Canadian judge rejects activist bid to immediately ban neonicotinoid pesticide Thiamethoxam

| | January 6, 2020
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Seeds treated with neonic pesticides
This article or excerpt is included in the GLP’s daily curated selection of ideologically diverse news, opinion and analysis of biotechnology innovation.

Ottawa-Federal Appeal Court Justice Richard Southcott has dismissed an application by environment groups challenging a 24 month phase out of certain uses of the neonicotinoid pesticide Thiamethoxam.

The groups represented by Eco-Justice claimed the Pesticide Management Review Agency (PMRA) went beyond its jurisdiction in granting the phase out period back in April when it should have immediately terminated those uses.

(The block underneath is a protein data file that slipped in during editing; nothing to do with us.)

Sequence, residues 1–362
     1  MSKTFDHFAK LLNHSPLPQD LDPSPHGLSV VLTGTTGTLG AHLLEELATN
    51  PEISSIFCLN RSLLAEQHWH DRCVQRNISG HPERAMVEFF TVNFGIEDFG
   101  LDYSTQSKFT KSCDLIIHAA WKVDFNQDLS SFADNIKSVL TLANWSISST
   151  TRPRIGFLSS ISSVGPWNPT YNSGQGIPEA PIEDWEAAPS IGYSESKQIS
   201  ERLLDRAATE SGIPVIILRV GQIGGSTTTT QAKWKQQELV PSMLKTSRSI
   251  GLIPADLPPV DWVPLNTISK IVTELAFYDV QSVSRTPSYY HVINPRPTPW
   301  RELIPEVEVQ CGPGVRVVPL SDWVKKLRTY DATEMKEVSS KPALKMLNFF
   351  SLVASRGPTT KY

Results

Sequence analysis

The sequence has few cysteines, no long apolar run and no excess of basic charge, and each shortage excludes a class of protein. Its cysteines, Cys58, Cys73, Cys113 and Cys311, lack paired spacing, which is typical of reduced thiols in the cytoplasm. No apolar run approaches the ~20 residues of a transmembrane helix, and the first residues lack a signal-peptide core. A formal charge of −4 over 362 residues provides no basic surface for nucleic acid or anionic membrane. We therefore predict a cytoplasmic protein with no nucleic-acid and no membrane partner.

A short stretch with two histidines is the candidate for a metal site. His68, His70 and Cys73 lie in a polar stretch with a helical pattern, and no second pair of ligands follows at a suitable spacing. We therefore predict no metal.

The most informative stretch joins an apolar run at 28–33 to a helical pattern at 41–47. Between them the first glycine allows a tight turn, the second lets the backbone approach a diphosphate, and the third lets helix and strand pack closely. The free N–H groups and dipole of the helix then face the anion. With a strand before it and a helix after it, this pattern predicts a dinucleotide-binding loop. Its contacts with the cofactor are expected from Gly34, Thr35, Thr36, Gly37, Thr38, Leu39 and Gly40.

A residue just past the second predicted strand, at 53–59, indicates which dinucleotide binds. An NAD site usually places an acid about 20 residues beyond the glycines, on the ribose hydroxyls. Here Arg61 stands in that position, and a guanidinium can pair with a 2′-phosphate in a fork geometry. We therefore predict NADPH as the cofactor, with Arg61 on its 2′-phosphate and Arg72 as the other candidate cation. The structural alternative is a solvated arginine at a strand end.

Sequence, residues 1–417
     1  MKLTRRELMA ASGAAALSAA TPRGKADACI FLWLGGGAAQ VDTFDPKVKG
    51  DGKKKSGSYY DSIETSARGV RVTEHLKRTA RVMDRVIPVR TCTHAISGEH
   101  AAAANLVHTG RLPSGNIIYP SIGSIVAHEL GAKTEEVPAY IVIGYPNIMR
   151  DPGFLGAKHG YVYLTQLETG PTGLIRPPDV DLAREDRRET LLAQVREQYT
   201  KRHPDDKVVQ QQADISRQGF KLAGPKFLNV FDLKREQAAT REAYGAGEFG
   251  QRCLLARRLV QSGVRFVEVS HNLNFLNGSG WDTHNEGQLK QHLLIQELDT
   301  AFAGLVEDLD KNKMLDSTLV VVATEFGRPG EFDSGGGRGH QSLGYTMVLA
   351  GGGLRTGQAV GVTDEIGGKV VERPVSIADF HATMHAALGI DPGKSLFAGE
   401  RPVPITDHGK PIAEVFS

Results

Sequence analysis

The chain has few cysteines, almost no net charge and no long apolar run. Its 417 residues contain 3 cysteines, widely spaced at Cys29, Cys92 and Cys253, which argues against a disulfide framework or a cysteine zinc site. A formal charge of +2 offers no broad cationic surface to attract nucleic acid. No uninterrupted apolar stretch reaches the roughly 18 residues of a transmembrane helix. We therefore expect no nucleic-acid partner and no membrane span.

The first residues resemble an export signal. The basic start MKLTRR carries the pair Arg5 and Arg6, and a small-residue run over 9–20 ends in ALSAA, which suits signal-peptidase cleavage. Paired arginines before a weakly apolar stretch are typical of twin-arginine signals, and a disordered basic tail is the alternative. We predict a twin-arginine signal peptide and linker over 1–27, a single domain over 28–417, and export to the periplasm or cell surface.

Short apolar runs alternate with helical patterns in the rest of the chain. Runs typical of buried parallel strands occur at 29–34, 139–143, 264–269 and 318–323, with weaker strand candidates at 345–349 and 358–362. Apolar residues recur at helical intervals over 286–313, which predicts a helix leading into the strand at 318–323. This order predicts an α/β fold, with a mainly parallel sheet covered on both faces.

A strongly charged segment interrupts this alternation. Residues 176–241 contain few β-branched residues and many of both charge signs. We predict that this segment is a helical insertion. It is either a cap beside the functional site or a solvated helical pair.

Southcott ruled that PMRA acted within its authority and imposed legal costs in the case to the applicants, which included the David Suzuki Foundation, Friends of the Earth Canada, Equiterre, and the Wilderness Committee.

He concluded PMRA acted reasonably in setting the transition period, which set an acceptable risk for pollinators. “There is therefore no basis for the Court to interfere with the Decision.”

Related article:  Do trace levels of neonicotinoid insecticides found in waterways threaten aquatic life?

The court’s ruling confirms that the PMRA can continue to protect the health and safety of Canadians and the environment while at the same time recognizing the practical implications of changing what’s available to farmers to protect their crops.

Read full, original article: Federal Court rejects bid to speed up neonic phaseout

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